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Tail Lights: January 12, 2013

American Government Special Collections Reference Desk

Topics:  Tail Lights
Opinions expressed by Bill Crittenden are not official policies or positions of The Crittenden Automotive Library. You can read more about the Library's goals, mission, policies, and operations on the About Us page.

Tail Lights: January 12, 2013

Bill Crittenden

Statistics and Observations
Above:  1998 Lamborghini Diablo Styling Prototype, formerly hanging from the wall of the Lamborghini factory, it was sold at the 2012 Mecum Fall Premier Auction for $40,000.  More pictures at http://carsandracingstuff.com/library/d/diablo.php

Volume 2, Issue 2

Statistics

So, the Library recently had a little server downtime.  Nothing major, just one bad day among many great ones so far.  However, in looking into the site statistics, I saw that there are a LOT of unfinished links that lead to nowhere because of a project I had put off for a while.

I had to switch gears a little and I'm finishing the NASCAR race statistics for the last 25-ish years.  I'll get back to the transcripts later, but when it's all done it'll be fantastic...career race history and press conference transcripts and sometimes even a few pictures to follow a driver's career all in one place!  I had hoped to be done with this by the end of the weekend, which means it'll be done by mid-March.  I always set unrealistic goals for how much I can get done in a day!

Even with the downtime, our rolling 30-day total surpassed 40,000 page views.  That's more than 1,333 page views a day on average, almost 1 per minute!  Hopefully, patching all the "holes" in the site will help boost that total beyond the 50,000 mark soon.

While I'm doing that, I usually have a window in the background uploading crash test videos from NHTSA to The Internet Archive where they can be more easily accessed and indexed for the Library.  It's sad to see some of these cars, brand new at the time and they would have been classics had they survived, get demolished, but human beings are more important than sheet metal.

Observations

For those of you who do not know, I have a day job.  I spent a few days recently working a security assignment at a Toyota dealership.  This was a lot of fun, and I've finally updated my ability to recognize which Toyotas are from which years.  They liked that The Crittenden Automotive Library Pontiac Vibe had a little "Powered by Toyota" decal on the fender.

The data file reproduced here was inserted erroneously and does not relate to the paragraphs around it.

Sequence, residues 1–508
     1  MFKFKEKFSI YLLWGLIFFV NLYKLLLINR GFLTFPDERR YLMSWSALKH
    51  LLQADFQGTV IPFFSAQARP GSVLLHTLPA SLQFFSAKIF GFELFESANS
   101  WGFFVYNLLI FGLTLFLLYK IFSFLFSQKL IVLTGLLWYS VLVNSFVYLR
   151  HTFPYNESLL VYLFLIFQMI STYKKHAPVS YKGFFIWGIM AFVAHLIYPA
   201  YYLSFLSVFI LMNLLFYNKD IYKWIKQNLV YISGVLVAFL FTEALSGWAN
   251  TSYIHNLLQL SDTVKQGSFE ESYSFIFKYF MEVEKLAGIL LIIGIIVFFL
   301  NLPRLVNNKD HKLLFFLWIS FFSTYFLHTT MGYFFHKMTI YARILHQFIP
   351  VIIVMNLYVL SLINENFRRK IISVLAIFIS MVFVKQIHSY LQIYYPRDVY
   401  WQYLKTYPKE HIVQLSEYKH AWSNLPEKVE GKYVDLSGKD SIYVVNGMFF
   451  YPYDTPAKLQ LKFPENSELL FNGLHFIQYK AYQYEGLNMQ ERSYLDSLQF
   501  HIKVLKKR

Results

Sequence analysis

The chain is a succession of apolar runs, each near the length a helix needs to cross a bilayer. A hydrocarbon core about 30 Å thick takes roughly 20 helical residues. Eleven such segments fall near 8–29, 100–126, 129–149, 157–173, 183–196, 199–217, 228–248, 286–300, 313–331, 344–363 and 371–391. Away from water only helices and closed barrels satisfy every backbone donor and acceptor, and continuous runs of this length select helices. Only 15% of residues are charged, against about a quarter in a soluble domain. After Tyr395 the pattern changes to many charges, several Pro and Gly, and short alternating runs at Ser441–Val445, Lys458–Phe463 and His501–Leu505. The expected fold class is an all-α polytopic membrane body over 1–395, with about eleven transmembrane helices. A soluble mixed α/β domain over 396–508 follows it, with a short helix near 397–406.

I also saw my first Scion iQ up close.  It really is a different class of automobile, it just moves one or two people from one location to another.  Just enough room for two people, a briefcase and a few shopping bags.  Just enough to suit most peoples' needs, really.  Not enough to suit anybody's wants, but certainly their needs.  And I never saw anybody drive one except the dealership employees to get around the lot.

We really do wrap up a lot of our personality, desires, and image in what we drive, don't we?  Few of us really buy a car based solely on analysis of statistics and needs.  Even then, what statistics are more important than others are subjective.

Fear of crashes prompt some to buy as big as they can afford, some have to project an image of success, others have to be the fastest on the road despite the 55mph limits that apply to everybody.

My family isn't immune to this, we are just more anecdotal evidence to support the hypothesis.  My wife describes her car, a Mazda CX-7, as "pretty," and I know that factored into our purchase.  I love history, and I would much rather have the Pontiac Vibe that I do now than the nearly identical Toyota Matrix.
Even the little iQ, as basic as transportation gets, came with a dark orange paint job, special wheels, and all sorts of little bodywork lines that tried to make it look like a Fast & Furious car in miniature.  The picture above is a different, but as far as I can tell identical, iQ.  Certainly no Tata Nano here.

It's just one of those things that makes automobiles, even ones intended for "basic transportation," so important culturally and interesting to observe.
The Crittenden Automotive Library is Automotive History Beyond the FendersSM: a large collection of information relating to not only cars, trucks, and motorcycles, but also the roads they drive on, the races they compete in, cultural works based on them, government regulation of them, and the people who design, build, and drive them.  We are dedicated to the preservation and free distribution of information relating to all types of cars and road-going vehicles for those seeking the greater understanding of these very important elements of modern society, how automobiles have affected how people live around the world, or for the general study of automotive history and anthropology.  In addition to the historical knowledge, we preserve current events for future generations.

The Crittenden Automotive Library includes over 89,000 pages in books, 342,000 pages in reports, 22,000 pages in periodicals, 12,900 news & commentary stories, 2 weeks of audio, 4 days of video, 15,000 images and dozens of newsletters as well as other documents, statistics, reports, and data.  There are over 770 races' results tables broken down into individual driver histories.
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